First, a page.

If you are not satisfied with our answer after talking to us, you have the right to make a formal objection.
You can make a formal objection if you disagree with the amount of tax, interest, or penalties we have assessed or reassessed.
You have 90 days from the date of the notice of assessment, or reassessment, to file the objection.
Making a formal objection
You can file an objection:
- online, using the "Register a formal dispute (Notice of Objection)" service at:
- by mail, using Form T400A, Notice of Objection – Income Tax Act, or writing to the chief of appeals at your Appeals Intake Centre (see Appendix B of Guide P148) to find out the appropriate centre)
You must explain the reasons for the objection and outline all the relevant facts.
Appealing a loss has a different formal objection process because there is no tax, interest, or penalty involved. See Disputing loss determinations for more information.
Notice of objection requirements for large corporations
For large corporations, the notice of objection has to:
- reasonably describe each issue
- specify for each issue the relief you are seeking, expressed as the amount of a change in the income, taxable income, loss, taxes payable, refundable amounts, and overpayments or balance of unclaimed outlays, expenses, or other amounts of the corporation
- provide facts and reasons the corporation relied on for each issue
A corporation is a large corporation if the total taxable capital employed in Canada at the end of the tax year by the corporation and its related corporations is over $10 million.
How objections are processed
Once we receive the objection, an appeals officer at the Appeals Intake Centre will review the assessment or reassessment in dispute. The appeals officer will then contact the corporation or its authorized representative to discuss the differences and to try to resolve the dispute.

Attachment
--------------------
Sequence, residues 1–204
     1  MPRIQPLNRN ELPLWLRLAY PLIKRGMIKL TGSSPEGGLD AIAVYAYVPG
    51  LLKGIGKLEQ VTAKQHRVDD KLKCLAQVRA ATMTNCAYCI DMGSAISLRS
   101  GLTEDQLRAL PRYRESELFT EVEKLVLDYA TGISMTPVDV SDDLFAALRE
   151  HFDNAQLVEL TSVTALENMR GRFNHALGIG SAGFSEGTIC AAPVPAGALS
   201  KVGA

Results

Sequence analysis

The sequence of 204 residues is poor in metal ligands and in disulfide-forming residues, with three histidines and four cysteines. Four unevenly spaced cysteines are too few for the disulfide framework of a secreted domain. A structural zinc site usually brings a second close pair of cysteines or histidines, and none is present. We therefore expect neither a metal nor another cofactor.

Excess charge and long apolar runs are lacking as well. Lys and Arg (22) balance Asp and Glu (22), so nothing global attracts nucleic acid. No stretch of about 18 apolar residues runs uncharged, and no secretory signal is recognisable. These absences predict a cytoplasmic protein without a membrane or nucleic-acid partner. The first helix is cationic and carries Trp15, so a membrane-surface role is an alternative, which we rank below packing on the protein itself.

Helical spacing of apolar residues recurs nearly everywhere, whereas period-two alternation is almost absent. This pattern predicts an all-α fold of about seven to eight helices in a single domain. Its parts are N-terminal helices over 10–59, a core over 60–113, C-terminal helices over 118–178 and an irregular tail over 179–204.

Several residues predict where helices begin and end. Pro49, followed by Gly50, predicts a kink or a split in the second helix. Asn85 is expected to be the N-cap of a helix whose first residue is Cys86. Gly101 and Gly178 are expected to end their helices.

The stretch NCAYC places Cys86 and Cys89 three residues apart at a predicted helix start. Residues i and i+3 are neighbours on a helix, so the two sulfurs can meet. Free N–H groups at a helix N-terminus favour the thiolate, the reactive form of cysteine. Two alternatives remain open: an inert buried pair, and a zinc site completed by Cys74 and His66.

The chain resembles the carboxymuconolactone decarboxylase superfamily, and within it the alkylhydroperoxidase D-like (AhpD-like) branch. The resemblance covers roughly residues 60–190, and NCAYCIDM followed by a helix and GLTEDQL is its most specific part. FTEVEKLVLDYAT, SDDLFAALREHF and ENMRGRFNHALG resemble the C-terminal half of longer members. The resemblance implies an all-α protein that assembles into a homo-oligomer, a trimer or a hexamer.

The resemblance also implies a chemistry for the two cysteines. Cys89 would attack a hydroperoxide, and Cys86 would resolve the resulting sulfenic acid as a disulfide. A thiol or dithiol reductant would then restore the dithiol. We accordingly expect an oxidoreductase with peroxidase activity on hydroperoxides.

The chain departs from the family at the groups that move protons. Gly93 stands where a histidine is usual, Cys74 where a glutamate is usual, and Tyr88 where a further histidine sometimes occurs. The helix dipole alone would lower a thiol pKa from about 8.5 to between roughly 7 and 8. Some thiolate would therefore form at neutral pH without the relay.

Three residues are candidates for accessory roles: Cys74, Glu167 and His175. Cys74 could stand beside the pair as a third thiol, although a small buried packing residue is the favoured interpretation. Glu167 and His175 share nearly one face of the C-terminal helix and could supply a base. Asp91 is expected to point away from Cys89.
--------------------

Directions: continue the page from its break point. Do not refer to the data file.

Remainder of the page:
If the differences in how we interpreted or applied the law are not resolved, the corporation can then appeal the assessment or reassessment to the Tax Court of Canada.
Payment of disputed amounts
You do not have to pay the disputed amount of tax, interest, or penalty while you are waiting for the outcome of the CRA's or the Tax Court of Canada's review. However, once the objection or appeal is settled, normal interest charges will apply to any tax, interest, or penalties outstanding. Interest charges are calculated from the balance-due day.
For more information, see Guide P148, Resolving Your Dispute: Objections and appeal rights under the Income Tax Act.
Payment of disputed amounts for large corporations
A large corporation that objects to an assessment will have to pay 50% of the disputed amount. The corporation also has to pay the full amount of taxes not in dispute.
The Income Tax Act describes specific requirements for large corporations.
Forms and publications
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